Insects, when we are in their presence, are mostly either alive or dead, and only occasionally in the process of dying. And this usually happens for them with abrupt violence. They meet with either a predator, poison or rolled-up magazines. In fact I challenge anyone to think of insect death and not conjure up some image of sudden and irreversible flattening.
I was sitting on the couch the other evening when I noticed a wasp buzzing in the window. I fixed my gaze on the hymenopterous intruder wondering whether it had come from outside or worse from a wasps' nest somewhere in the house.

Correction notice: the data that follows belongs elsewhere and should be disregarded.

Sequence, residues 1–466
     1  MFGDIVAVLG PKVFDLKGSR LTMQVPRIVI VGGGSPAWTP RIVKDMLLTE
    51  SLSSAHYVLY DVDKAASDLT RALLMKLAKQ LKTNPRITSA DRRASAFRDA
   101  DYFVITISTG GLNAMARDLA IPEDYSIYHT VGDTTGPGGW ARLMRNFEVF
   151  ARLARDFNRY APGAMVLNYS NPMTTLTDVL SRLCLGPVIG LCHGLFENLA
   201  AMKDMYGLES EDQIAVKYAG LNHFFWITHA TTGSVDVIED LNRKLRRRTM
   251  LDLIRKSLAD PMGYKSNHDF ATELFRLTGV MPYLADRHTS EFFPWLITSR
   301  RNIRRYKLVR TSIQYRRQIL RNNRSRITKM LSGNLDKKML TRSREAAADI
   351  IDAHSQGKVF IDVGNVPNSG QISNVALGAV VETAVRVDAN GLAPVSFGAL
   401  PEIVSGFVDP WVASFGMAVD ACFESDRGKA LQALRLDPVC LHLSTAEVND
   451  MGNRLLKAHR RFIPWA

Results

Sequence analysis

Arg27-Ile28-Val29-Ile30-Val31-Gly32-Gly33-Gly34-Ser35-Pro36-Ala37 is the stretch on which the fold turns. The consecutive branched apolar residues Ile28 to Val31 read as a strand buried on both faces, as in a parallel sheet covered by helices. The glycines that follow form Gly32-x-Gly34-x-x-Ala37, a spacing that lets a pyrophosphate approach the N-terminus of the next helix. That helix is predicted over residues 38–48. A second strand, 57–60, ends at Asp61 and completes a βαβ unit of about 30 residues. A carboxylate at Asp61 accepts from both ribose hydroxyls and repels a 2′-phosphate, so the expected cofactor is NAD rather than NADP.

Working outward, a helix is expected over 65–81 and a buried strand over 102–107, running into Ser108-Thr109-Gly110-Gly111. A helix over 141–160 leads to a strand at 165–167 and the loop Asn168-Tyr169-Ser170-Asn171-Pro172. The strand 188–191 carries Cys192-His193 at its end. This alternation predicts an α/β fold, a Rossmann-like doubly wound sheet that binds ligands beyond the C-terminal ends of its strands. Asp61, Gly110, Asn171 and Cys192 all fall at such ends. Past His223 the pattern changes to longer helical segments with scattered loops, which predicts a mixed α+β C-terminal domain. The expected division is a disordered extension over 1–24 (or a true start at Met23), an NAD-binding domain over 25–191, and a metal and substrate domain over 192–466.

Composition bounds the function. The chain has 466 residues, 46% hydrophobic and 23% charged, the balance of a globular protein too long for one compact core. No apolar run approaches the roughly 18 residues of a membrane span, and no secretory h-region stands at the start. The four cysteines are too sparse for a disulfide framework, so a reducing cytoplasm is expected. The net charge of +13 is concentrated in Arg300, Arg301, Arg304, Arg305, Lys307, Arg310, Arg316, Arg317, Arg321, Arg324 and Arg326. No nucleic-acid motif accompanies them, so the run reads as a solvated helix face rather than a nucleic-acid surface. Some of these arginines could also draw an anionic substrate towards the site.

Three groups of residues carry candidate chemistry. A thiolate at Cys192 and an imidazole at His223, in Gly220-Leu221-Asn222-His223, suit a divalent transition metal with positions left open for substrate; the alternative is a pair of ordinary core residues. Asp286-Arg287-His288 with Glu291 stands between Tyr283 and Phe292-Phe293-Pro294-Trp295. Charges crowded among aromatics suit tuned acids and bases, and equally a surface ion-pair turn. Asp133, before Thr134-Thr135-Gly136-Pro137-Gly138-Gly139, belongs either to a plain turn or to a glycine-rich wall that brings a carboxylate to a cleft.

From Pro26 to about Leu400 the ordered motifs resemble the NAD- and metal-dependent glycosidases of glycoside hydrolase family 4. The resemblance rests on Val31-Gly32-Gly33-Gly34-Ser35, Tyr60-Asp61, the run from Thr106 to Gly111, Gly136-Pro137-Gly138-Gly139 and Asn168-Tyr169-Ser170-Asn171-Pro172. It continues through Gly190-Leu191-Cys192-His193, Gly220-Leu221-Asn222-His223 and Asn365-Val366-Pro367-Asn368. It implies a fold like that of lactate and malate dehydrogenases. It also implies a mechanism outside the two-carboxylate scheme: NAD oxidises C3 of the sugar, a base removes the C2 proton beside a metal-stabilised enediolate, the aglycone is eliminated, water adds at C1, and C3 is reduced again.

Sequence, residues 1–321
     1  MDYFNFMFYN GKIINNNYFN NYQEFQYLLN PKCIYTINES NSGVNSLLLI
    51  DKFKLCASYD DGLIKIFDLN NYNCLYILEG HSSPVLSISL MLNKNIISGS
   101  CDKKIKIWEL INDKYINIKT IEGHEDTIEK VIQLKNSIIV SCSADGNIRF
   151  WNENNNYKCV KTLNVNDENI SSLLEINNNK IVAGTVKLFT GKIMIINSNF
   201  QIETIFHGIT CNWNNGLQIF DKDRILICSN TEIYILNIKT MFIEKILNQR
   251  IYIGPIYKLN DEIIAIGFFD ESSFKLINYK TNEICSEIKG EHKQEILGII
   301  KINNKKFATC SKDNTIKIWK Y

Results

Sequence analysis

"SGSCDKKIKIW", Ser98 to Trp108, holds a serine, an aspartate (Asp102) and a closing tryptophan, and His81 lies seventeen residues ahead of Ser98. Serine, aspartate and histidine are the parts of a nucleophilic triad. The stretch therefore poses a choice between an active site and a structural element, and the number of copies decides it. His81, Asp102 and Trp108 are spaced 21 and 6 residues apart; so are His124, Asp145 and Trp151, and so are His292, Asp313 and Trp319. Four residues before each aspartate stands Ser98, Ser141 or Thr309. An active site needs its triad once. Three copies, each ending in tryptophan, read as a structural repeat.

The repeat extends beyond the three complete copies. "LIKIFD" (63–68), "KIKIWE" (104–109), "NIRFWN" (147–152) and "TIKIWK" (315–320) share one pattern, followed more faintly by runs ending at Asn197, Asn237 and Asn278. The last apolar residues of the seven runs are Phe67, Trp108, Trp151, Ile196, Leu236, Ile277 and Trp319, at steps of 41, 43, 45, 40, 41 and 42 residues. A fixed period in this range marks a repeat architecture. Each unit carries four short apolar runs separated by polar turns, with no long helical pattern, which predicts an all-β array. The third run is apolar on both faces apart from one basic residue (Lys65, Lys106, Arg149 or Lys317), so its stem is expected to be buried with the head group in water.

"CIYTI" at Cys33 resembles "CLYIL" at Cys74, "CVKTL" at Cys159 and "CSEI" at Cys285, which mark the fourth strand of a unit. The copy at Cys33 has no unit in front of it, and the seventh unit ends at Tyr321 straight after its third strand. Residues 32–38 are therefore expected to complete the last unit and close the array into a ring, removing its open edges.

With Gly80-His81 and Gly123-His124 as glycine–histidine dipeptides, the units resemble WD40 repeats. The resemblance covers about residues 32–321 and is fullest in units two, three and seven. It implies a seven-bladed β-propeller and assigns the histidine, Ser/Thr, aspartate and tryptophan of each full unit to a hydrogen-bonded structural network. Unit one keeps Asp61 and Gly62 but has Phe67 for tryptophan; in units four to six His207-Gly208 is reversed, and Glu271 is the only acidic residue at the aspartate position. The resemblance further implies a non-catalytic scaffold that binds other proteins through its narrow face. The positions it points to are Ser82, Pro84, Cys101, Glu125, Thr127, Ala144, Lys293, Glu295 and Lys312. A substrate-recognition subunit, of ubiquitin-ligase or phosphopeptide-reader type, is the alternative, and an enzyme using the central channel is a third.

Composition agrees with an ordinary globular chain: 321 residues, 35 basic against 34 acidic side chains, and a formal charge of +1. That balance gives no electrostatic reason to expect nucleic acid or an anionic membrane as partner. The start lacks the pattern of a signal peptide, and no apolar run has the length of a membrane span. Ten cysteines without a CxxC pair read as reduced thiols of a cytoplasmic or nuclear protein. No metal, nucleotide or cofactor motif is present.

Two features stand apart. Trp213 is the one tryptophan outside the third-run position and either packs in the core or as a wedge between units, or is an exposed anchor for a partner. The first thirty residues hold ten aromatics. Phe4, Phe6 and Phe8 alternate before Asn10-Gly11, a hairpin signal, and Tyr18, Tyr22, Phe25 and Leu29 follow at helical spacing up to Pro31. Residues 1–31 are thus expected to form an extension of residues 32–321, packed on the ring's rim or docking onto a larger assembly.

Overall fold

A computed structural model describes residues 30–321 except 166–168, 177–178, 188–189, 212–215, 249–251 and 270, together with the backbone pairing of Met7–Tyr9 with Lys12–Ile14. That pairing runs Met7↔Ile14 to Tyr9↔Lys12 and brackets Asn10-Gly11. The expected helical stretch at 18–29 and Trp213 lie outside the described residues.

The wasp then changed direction and flew into the room tracing large elegant circles in the air above me, and then something unusual happened: the wasp swooped down, banked left, climbed again and then died in mid-flight. Continuing on its trajectory it traced a lazy parabola and landed with an audible tick and a single bounce on the living room floor where it lay motionless. I got up to check. Yes, dead!
I had witnessed my first insect death that wasn't of a violent nature. I like to think it died of old age while doing what it enjoyed best.
Death of a Wasp Queen, by Stijn Coppens.